A member of the public wrote in to an online news site claiming that the use of melamine food wares may cause health problems such as kidney, bladder stones (urolithiasis), kidney failure and even cancer.
This is not true.
Melamine food wares have a history of safe use. There have been no scientific reports on adverse health effects associated with the use of melamine food wares. When properly used, the level of migration of melamine from food wares is insignificant or very low, and do not pose a health risk to the public.
The Agri-Food & Veterinary Authority (AVA) advises the following on the use of melamine food ware:
- Do not heat or cook food in melamine food ware
- Do not use melamine food ware in microwave oven or conventional oven
- Do not use serrated knives on melamine food ware
- Do not use melamine food ware that is damaged on its surface
- Do not use harsh abrasive cleaners, steel wool or metal scouring pads to clean melamine food ware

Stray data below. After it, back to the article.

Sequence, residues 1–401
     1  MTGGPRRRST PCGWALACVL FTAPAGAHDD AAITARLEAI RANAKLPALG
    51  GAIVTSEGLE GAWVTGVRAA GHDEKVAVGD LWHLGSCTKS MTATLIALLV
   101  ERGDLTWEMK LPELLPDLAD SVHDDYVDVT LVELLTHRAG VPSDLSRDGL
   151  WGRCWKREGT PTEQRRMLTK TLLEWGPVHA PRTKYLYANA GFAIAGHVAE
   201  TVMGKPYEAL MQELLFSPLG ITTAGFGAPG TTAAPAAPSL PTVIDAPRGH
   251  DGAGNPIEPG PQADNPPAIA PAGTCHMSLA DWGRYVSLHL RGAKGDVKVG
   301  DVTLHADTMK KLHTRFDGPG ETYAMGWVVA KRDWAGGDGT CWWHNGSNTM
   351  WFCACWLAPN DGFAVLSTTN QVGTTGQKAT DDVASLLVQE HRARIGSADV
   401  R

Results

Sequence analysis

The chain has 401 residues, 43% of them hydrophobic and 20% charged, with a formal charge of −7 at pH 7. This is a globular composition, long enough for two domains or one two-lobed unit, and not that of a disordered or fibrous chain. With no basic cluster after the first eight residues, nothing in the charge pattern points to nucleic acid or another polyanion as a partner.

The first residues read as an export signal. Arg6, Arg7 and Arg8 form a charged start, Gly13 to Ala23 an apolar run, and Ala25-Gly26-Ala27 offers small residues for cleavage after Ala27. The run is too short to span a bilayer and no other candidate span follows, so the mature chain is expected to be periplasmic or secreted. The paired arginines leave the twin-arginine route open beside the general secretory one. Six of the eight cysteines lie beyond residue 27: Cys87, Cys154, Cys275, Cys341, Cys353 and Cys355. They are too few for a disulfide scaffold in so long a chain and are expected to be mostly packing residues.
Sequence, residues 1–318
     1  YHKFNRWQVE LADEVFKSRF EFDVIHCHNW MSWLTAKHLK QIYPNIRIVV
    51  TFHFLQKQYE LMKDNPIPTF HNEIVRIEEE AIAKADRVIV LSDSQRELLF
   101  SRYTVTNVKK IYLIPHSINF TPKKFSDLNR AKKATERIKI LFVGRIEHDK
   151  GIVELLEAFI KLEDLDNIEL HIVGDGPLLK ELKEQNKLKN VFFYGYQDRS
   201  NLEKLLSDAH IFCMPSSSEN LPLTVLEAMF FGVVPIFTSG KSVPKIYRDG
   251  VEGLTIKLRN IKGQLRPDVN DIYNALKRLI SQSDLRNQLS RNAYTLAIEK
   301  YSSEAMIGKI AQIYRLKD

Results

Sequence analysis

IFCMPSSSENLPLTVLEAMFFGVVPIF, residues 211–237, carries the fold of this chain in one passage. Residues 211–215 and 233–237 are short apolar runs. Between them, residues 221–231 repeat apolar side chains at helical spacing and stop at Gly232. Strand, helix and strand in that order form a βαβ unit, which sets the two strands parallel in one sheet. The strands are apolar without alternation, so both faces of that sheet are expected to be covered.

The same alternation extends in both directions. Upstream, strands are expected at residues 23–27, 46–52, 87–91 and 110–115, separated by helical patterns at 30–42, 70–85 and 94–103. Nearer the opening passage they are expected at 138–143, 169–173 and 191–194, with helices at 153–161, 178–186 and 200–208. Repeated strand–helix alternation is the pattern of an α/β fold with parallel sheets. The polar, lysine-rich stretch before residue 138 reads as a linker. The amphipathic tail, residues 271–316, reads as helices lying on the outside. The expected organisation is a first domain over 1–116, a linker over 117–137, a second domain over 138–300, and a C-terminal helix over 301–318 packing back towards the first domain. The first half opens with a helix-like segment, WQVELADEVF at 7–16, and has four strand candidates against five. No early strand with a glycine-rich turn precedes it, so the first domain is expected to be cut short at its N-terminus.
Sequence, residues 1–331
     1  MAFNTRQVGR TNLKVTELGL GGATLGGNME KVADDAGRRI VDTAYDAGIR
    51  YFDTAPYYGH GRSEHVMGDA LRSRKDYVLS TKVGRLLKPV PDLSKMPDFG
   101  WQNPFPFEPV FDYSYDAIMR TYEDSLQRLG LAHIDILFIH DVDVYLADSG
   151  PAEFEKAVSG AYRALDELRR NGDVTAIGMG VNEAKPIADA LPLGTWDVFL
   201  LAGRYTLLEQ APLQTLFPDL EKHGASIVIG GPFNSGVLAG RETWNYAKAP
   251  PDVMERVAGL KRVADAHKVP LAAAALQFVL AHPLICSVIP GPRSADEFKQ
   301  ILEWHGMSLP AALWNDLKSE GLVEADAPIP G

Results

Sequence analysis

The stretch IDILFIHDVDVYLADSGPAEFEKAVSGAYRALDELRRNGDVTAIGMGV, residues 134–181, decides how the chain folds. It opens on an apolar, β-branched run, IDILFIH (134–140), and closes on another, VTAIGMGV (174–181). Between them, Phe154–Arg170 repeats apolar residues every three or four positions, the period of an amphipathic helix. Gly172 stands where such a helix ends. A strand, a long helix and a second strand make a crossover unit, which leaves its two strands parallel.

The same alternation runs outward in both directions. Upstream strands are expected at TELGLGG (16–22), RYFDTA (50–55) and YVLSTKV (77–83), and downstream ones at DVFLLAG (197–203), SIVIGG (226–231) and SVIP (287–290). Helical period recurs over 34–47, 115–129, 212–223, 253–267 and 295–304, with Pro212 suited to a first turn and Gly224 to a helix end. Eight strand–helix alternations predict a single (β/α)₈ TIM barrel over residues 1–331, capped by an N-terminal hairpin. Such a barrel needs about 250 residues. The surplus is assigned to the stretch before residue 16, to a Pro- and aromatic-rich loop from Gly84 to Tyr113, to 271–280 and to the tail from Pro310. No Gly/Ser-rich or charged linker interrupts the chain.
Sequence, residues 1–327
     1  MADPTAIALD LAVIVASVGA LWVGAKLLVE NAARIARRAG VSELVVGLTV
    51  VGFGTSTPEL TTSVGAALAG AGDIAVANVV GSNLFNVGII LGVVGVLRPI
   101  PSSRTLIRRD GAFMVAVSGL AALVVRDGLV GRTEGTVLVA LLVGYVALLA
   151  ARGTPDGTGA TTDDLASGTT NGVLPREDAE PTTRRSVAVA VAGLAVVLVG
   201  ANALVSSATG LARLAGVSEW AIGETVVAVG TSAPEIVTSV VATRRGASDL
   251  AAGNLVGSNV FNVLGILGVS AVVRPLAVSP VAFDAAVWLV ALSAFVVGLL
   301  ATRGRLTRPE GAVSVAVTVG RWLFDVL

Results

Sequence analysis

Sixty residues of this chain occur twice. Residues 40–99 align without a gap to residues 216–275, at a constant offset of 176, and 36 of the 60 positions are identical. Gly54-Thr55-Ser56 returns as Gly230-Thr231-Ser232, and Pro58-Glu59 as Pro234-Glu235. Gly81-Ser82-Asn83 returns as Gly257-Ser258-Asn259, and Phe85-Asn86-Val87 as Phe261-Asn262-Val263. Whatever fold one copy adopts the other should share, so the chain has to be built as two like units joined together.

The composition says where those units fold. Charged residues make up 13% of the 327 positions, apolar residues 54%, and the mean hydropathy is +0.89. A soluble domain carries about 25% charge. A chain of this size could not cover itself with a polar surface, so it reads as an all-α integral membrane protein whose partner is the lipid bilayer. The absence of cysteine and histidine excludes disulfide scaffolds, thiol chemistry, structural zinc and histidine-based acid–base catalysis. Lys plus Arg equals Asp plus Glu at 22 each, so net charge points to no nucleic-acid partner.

- Use melamine food ware according to the manufacturer’s instructions, if any
The Singapore Food Regulations stipulate the safety requirements for food-contact plastics (e.g. food ware like bowls, plates and utensils) that are imported and sold in Singapore. Manufacturers of food-contact plastics are required to conduct tests on their products to ensure that they comply with the relevant legislation and restrictions for the intended condition of use.
Further, under the Environmental Public Health (Food Hygiene) Regulations, food operators and their food handlers are required to ensure that their crockery, utensils or appliances are not chipped, broken, cracked or damaged at all times.
The AVA conducts regular post-market surveillance involving the sampling and testing of food ware (including melamine food wares), to ensure that they do not release any harmful substances when exposed to food or under intended use conditions. Food wares that fail the tests would not be allowed for sale.
This article is accurate as of Apr 2016.